It's been a year of starts and stops for Nebraska football much like everyone else. First, spring practice was on until it wasn't. August marked the beginning of preseason preparation until it didn't. But here they are yet again preparing for an Oct. 24 opener against the Ohio State Buckeyes. There are a few notes to scribble in your margins as we pour over the goings-on in Lincoln through the next couple of weeks.
1. Snap distribution between Adrian Martinez and Luke McCaffrey
First-year offensive coordinator/wide receivers coach Matt Lubick described any competition between Martinez and McCaffrey as one with an underlying goal of "making each other better." As Nebraska's coaches continue to do everything they can to get Martinez right in both mind and body, how much time they invest in helping his likely backup get in sync with the offense is worth noting.
Having McCaffrey prepared to take over in an instant becomes even more important considering the uncertainty surrounding every game this year.
2. Christan Gaylord vs. Ethan Piper
According to offensive line coach Greg Austin, fall camp begins with Gaylord backing up Bryce Benhart at right tackle. Meanwhile, Piper works to establish depth behind both center Cameron Jurgens and Matt Farniok at right guard. The underlying story is that both players could easily be shuffled around in case of an emergency.
Piper's tale thus far is a favorite one around the Cornhusker State. The in-state bruiser has a top-notch work ethic and tenacity that lends itself well to any interior spot. In the unfortunate event that Benhart would be unable to participate at right tackle forcing Farniok to slide back over, Piper appears more than ready to hold his own.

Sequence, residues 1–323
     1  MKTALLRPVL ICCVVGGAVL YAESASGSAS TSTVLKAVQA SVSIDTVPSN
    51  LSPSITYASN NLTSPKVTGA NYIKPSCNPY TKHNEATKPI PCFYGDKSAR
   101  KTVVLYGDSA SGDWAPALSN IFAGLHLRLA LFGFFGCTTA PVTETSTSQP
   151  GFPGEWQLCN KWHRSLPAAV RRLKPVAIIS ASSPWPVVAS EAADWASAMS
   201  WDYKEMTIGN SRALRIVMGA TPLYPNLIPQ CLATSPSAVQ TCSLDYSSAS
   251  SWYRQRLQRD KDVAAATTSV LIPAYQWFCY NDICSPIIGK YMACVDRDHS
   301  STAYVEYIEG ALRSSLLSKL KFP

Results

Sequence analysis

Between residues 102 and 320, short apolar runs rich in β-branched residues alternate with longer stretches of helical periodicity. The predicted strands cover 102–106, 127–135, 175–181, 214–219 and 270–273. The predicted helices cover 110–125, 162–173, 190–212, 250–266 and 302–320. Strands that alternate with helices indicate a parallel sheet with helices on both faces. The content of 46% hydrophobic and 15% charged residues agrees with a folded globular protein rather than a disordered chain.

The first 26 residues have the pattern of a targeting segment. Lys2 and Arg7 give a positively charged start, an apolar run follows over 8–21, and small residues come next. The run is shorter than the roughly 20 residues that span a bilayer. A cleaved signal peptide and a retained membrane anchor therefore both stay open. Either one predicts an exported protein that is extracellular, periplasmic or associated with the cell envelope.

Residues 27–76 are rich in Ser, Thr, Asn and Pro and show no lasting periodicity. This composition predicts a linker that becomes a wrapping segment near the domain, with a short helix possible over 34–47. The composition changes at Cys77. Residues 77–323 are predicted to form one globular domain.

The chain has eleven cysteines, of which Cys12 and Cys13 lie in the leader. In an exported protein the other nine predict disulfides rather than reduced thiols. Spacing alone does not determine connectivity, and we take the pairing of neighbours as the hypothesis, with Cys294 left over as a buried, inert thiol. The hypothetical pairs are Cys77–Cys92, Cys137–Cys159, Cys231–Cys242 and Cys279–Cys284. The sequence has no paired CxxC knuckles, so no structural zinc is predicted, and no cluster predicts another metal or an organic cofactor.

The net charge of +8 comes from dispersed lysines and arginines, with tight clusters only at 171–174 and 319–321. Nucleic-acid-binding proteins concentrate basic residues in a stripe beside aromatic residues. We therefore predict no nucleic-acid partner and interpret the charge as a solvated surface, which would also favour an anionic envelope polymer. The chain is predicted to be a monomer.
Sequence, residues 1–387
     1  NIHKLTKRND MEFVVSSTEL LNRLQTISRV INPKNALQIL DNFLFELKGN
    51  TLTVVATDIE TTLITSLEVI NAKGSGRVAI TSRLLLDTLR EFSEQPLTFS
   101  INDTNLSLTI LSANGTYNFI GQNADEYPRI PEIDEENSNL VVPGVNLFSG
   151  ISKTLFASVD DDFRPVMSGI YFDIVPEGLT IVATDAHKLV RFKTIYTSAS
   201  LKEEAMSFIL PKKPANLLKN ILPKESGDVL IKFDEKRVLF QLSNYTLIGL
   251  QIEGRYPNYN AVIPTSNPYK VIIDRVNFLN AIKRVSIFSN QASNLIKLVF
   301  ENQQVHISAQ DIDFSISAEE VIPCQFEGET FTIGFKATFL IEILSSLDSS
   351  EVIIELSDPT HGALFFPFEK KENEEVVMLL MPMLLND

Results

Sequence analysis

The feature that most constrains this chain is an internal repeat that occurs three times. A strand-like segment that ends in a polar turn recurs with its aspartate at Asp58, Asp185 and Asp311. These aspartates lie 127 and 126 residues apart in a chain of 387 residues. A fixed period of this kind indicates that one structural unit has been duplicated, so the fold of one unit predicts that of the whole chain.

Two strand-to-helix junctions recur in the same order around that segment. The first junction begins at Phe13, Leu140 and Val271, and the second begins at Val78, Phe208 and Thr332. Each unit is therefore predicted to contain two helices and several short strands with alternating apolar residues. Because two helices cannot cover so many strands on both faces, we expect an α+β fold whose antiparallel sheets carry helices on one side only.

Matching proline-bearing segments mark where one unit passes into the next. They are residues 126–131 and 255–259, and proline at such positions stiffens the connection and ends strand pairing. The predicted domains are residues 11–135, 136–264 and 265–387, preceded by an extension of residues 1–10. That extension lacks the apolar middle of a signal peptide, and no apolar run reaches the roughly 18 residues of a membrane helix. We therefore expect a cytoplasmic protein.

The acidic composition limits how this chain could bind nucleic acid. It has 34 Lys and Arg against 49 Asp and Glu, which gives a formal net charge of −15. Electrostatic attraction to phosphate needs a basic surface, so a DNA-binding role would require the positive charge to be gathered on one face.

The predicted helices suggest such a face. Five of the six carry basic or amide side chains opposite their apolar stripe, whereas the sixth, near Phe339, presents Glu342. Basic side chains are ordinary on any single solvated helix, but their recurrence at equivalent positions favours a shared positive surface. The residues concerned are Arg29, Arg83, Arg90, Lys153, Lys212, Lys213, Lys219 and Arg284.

Gaylord's better suited to either tackle or guard spot having two inches of height on Piper (6-6 to 6-4). While the Huskers practice under the usual cloak of mystery, this is a competition that's sure to spill into when we start keeping track of wins and losses.
3. More four-man defensive fronts?
Defensive coordinator Erik Chinander hasn't been a stranger to mixing up his defensive fronts. Despite the mix-and-match efforts, Nebraska allowed more than 188 rushing yards and racked up just north of six tackles for a loss per game in 2019, good for national ranks of 94th and 72nd, respectively.
Two key points jump out as reasons why the official 3-4 tag Chinander's scheme claims resemble a guideline more than a hard and fast blueprint. Not only is college football now seeing shortened schedules and paused eligibility allowing teams to get creative on both sides of the ball. He also has the talent available to produce a Big Ten-caliber 4-3 look.
4. The power of unity
This year has dealt the Huskers a great deal of adversity. Several Floridian recruits opted to head closer to home including those considered potential immediate contributors. For everyone involved in the program, facing the unknown was understandably difficult. The legitimate chance of a scuttled 2020 season loomed. Pandemic life impacted the entirety of Nebraska athletics much as it has everyone else. Frost himself faced the horrific challenge of losing a father.
There will be teams brought closer together by the hardships handed to them by COVID-19 and its after-effects across the country. For a coaching staff that underscores promoting a culture of family, the value of bonds forged is invaluable. Not only when upcoming games are on the line, but for the duration of the Frost era.